Cover photo for Russell Carter's Obituary
Russell Carter Profile Photo
1923 Russell 2015

Russell Carter

October 6, 1923 — January 25, 2015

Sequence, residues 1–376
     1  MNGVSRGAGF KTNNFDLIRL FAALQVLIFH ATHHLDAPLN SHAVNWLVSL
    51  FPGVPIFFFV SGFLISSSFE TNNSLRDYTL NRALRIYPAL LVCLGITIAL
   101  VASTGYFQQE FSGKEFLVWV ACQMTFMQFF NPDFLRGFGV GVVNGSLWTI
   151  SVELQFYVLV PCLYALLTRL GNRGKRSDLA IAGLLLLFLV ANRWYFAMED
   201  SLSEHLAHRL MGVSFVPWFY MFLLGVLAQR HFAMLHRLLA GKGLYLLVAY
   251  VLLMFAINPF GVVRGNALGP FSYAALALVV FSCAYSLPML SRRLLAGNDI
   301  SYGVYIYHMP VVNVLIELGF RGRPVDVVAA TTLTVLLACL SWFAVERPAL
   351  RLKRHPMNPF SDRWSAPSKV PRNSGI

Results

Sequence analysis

Russell Clinton Carter October 6, 1923 - January 25, 2015 Russell Clinton Carter, 91, a Park Rapids, Minnesota, area farmer and businessman, died on January 25, 2015, at Pleasant Akers Assisted Living Facility near Akeley, Minnesota. His family - mainly his son, Dwight - had cared for him at his house in Straight River Township until the last twenty-four hours of his life. He was born on October 6, 1923, in a little house near Coloma, Michigan, to Clinton Fredrick Carter and Ruby Minnie Rifenberg Carter. Russell grew up in and attended schools in both southwestern Michigan and central Florida. He graduated from Constantine High School in Constantine, Michigan, in 1941. From 1945 to 1946, Russell served in the United States Army. He trained at Camp Livingston, Louisiana, and then served as First Sergeant in the United States Army 36th TC Service Company at Adak, Alaska, in the Aleutian Islands. From 1941 to 1954 (taking time out for military service and college), Russell worked with his father on their Prayrie Orchards farm near Mottville, Michigan, milking, breeding, and showing Ayrshire dairy cattle and raising fruit and vegetable crops. The father-son team worked together on farming innovations and inventions. They were the first farmers in that area to do large-scale irrigation, and they were one of the first, if not the first, to use row covers for raising early tomatoes. Both Popular Science and Popular Mechanics magazine, as well as a number of farm magazines, took note of their Pickle Picker invention, a machine for harvesting pickling cucumbers. Russell and his father were also recognized and honored for a number of their other agricultural achievements. Russell graduated from Moody Bible Institute in June 1954, and on July 17 of that same year he married his college classmate Maxine ("Maggie") Louise Kulp at the Mottville Bible Church in Mottville, Michigan. On October 1, 1954, Russell and Maxine arrived in Straight River Township near Park Rapids, Minnesota, where, until February 13, 1966, they worked in rural missions associated with Oak Hills Fellowship of Bemidji, Minnesota. Russell became the pastor of two rural chapels, in which they held Sunday School and worship services. One was in Straight River Township in the District 23 school house. The other chapel was in Becker County. They taught an Oak Hills curriculum at "released time" classes in country schools and also in Park Rapids, Menahga, and Osage schools. They held yearly Vacation Bible Schools in four different places. They had a sizeable youth group and ongoing activities with the youth. With all of these activities, plus girls and boys clubs, they did a lot of transporting of children and neighbors with their car. Since ministry financial support was slim, for the rest of their living expenses, including fuel and vehicle upkeep, Russell had to do various odd jobs and endeavors. From about 1957 to 1961, he drove a school bus route for contract bus owner John Bartness, and then drove for the Kendall and Shearer bus company. Around the early 1960s, Russell worked part-time as a carpenter for Don Tschudi, who was building and repairing homes around Bad Medicine Lake. In the mid-1960s, Russell began carrying mail, first as a substitute, then full-time once his sons were old enough to work productively on the farm. He retired from carrying mail on October 6, 1983, and put all of his focus on the farm. The small northern Minnesota garden Russell started in the mid-1950s eventually became Carters' Red Wagon Farm. The garden and farm's signature product was Carters' Tomatoes. Russell was one of the first area farmers to use irrigation extensively. His diversified farm included feeder pigs, an award-winning herd of purebred Ayrshire dairy cattle, pick-your-own strawberries, and a retail farm market selling a large volume and a large variety of his own locally grown produce. He designed the farm logo and painted most of the farm's signs - both the lettering and the detailed images. Anthony ("Tony") Carter, Russell's youngest son, now owns and operates Carters' Red Wagon Farm. When Russell was a lad, his mother taught him the little chorus "Jesus Wants Me for a Sunbeam" and had him sing it to his dad when he came home from work. Russell has been singing ever since. Neighbors could hear the young Russell singing above the tractor engine while he was plowing in Michigan. While in college at Moody Bible Institute, Russell sang tenor with various gospel quartets. In Minnesota, he again performed solos and sang in quartets and choirs. In the early 1970s, he joined bass singer Bill Lundsten to form the Golden Street Quartet. Russell's strong, high-quality tenor singing was known and loved by many. Russell also played the harmonica and jaw harp, entertained on the piano with a fun rendition of "Where, Oh Where Has My Little Dog Gone?" and could whistle in unique ways. In the early years, Russ and Maggie performed duets, Russ on the guitar and Maggie on the accordion. In 2007, Russell received a donor kidney from rural missions co-worker and long-time family friend Jean Ballard. Jean said she wanted Russell to keep singing. Both in their mid-80s, they became the oldest combined kidney donor and recipient in the world. Russell was a member of Gideons International, the American Legion, and Faithbridge Church. He served church fellowships as song leader, AWANA Commander, Sunday School teacher, deacon, elder, pastor, preacher, and singer. He was active in 4-H clubs and conservative political concerns. He served as a fair supervisor, a number of years on the Straight River Township board, the Park Rapids Area school board, and the Farmers Home Administration (FmHA) board. In 2001, Russell wrote his memoirs, which his sister Carol printed. A publicly accessible copy of his memoirs is located at the North Berrien County Historical Museum in Coloma, Michigan. This museum, which sits on land donated by Russell Carter's ancestors, includes the Carter House, which displays the Carter family history and artifacts. The last word Russell's family heard him say was "home." Russell was preceded in death by his parents, a sister (Onalee Joan Hassenger), a brother (James Alan Carter), and a step-mother (Irma Woodworth Carter).Russell is survived by his wife, Maxine; his seven children: Paul (Lori) Carter of Des Moines, Iowa; Dwight Carter of Frutas del Mundo Farm, El Amatillo Village, Izabal, Guatemala; Carla (Al) Kehler of Winnipeg, Manitoba; Mark (Beth) Carter of Park Rapids; Jonathan (Julia) Carter of Park Rapids; Rita (David) Blake of Park Rapids; and Anthony (LindaSue) Carter of Park Rapids; twenty grandchildren and three great-grandchildren; and three sisters: Colleen (John) Myers of Spring Arbor, Michigan; Gloria (Kenneth) Huber of Sarasota, Florida; and Carol (David-deceased) Longcor of Amarillo, Texas. Russell donated his body to the University of North Dakota School of Medicine and Health Sciences. The Carter family will host a memorial service at Faithbridge Church in Park Rapids at 11am on Saturday, January 31, 2015 with the Rev. Marty Giese officiating. Visitation will be held at the church one hour prior to the service. To leave online condolences or to view the video tribute please visit www.jonespearson.com